tiger nuts + tiger nut milk
POSTED ON March 26, 2015
If you’ve entered a health food store or raw food shop in the last few months, you may have noticed the increasingly large presence of tiger nuts. The little brown, shriveled nuts are not actually nuts as their name suggests; they are small, round tuber root vegetables. Sound interesting? You can find these tubers sold dried, with the skin removed, ground into flour or made into milk, which is often called ‘horchata de chufas’—chufas is another name for tiger nuts. These tiny tubers have a nutty, sweet taste and can be eaten strait from the bag (or soaked to soften first); peeled tiger nuts are quite soft and much easier to chew without their fibrous skin. Tiger nut flour is used in many grain and nut free recipes and it makes the perfect almond meal replacement for anyone with a nut allergy. With its fluffy texture and sweet taste, it adds a lovely flavor boost to breads, cakes, pancakes and can even be added directly to porridge, Bircher muesli and smoothies. I’ve been experimenting with it in a recipe or two and hope to share one soon.
High in fiber (about 30%), iron, potassium, protein and healthy fats and unlike most other tuber vegetables, tiger nuts are rich in good fats with a similar fatty acid composition to extra virgin olive oil. Perhaps the most impressive thing about tiger nuts is that they are said to be the number one whole food source of resistant starch, a prebiotic fiber that resists digestion and becomes fuel for the probiotics in our guts. This means they feed the good bacteria and can be helpful for people with digestive difficulty—although in this case they should be added to the diet gradually.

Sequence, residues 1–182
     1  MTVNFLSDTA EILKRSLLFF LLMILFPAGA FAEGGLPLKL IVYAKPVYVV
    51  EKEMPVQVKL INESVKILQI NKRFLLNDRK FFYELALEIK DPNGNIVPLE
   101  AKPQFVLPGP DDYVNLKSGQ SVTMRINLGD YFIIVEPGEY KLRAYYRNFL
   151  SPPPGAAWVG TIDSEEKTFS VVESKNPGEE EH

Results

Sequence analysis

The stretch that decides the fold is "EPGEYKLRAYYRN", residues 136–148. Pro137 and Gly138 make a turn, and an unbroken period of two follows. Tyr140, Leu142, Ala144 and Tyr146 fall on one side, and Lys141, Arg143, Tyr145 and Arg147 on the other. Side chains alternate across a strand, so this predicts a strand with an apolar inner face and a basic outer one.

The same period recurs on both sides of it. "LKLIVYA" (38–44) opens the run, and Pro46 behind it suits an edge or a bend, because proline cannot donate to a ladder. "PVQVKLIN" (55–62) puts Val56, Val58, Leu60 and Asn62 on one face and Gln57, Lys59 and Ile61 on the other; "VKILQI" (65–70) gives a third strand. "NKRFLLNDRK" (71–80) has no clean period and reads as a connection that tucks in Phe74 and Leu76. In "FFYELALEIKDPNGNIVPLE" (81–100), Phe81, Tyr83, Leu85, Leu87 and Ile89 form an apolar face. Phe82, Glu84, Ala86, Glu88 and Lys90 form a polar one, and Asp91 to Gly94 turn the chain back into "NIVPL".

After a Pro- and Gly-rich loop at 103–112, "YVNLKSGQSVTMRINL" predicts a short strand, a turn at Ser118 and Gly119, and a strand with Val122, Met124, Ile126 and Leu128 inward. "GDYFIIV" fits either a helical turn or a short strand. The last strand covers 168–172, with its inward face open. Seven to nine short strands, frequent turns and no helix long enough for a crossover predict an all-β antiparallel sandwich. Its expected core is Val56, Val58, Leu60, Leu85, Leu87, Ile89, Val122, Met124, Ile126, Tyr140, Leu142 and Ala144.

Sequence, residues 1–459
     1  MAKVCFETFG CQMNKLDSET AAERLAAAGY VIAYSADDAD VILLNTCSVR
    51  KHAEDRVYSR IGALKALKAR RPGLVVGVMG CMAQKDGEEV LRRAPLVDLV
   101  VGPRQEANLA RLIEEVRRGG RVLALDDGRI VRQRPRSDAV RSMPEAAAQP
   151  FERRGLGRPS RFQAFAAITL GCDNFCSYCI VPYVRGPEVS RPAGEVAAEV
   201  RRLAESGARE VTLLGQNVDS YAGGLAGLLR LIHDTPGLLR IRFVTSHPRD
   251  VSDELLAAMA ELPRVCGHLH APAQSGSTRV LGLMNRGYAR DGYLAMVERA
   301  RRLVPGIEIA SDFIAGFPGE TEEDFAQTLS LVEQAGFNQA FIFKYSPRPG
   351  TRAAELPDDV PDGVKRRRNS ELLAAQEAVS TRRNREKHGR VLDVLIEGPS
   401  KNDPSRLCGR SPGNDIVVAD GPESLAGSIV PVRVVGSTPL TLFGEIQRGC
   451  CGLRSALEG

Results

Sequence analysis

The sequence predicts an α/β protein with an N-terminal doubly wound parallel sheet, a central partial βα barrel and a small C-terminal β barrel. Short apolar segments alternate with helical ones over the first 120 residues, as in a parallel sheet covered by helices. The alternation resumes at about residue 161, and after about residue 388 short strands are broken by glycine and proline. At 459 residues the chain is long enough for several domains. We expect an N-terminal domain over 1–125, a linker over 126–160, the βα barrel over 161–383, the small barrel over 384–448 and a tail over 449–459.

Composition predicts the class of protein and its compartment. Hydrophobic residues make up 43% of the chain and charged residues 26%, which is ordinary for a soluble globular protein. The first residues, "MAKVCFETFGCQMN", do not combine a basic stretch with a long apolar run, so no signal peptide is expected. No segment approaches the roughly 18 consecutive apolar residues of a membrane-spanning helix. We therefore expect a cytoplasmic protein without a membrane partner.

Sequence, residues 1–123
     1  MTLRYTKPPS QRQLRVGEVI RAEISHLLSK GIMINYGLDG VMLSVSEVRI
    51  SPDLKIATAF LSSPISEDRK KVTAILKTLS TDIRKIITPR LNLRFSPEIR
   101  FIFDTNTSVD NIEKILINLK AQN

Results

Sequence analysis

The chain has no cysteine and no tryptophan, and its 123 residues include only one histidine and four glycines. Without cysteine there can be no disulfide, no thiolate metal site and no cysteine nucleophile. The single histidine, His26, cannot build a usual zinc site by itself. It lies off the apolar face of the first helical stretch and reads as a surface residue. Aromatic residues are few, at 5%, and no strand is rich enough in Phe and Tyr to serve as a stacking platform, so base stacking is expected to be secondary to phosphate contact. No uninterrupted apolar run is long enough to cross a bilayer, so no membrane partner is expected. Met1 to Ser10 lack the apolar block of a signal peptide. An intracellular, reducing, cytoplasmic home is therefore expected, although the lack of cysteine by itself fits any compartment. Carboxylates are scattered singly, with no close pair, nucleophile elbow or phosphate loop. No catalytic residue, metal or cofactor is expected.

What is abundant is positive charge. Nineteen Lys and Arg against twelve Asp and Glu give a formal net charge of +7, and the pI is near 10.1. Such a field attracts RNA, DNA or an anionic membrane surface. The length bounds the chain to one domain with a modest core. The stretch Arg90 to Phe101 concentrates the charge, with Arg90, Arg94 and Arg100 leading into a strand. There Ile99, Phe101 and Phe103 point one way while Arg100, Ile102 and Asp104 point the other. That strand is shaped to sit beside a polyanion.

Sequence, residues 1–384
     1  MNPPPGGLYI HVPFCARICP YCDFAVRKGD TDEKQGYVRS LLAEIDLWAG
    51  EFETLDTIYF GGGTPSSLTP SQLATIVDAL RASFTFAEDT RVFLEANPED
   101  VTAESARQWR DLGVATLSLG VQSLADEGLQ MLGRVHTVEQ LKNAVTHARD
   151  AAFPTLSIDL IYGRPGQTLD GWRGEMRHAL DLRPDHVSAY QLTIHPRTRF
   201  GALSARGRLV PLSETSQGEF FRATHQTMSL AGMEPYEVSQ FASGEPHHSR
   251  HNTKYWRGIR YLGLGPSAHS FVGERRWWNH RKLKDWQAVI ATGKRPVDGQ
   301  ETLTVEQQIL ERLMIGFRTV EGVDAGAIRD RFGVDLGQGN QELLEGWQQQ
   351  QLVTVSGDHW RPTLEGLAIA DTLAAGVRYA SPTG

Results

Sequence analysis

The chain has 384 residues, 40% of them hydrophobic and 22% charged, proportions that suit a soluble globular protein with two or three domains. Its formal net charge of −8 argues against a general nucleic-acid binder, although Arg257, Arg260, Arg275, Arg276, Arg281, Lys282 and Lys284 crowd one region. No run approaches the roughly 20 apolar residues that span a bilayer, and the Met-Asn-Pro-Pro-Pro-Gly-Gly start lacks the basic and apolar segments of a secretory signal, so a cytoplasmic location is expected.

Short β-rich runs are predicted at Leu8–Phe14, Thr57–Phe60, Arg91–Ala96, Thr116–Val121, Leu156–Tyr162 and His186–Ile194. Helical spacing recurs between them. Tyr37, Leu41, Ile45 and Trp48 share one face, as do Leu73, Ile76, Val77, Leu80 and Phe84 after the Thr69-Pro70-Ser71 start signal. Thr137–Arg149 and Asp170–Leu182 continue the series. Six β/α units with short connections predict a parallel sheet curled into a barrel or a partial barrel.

Most of the tiger nuts available to us here in the United States are cultivated in Africa or Spain. According to this company our African Paleo ancestors ate a diet that was comprised of eighty percent tiger nuts. Ancient Egyptians also revered tiger nuts and first cultivated the crop over four thousand years ago.
Now onto the recipe. The first time I tried milk made from tiger nuts was a revelation: a nut free, naturally sweet, refreshing milk with an almost vanilla flavor that didn’t need anything added to accomplish the delicious and delicate taste. Amazing! I immediately wanted to make my own, but tiger nuts where not as readily available as they are now (well in New York anyway). When making the milk you do need to strain it as the skins of the tiger nuts are quite hard and fibrous, unless of course you use the peeled ones.
Please let me know what you think of these unusual tubers and I’d love to hear if you’re already using the flour.
Ps. I am so excited that my book has received a James Beard nomination (!!). Thank you everyone for all the sweet messages, it really is a dream to have ones work recognized. I am truly honored and so grateful for your support!
Tiger nut milk
There are lots of delicious flavorings you can add to tiger nut milk, just as you might to any true nut milk: vanilla beans or extract, cinnamon, cardamom or other spices. However, first I suggest you try it plain as the flavor it delicate and really delicious.
I often soak the nuts for two days changing the water after a day of soaking, they will still feel pretty firm.
Makes 3 cups
1 cup tiger nuts, soaked 24 to 48 hours
3 cups filtered water
Drain and rinse tiger nuts. Add to a blender with filtered water and blend for about 1 minute to make sure all the nuts are pulverized. It will be loud! Strain milk through a nut milk bag (or a strainer lined with a thin kitchen towel) and squeeze out all the liquid. Store in a sealed jar in the fridge for 3 to 4 days. You will notice a fine white starchy substance on the bottom of the jar, so shake well each time or use a spoon to scrape it off if it has settled.
Tiger nut milk will not last as long as true nut milks; so it’s best to drink it within 3 days.
POSTED IN drinks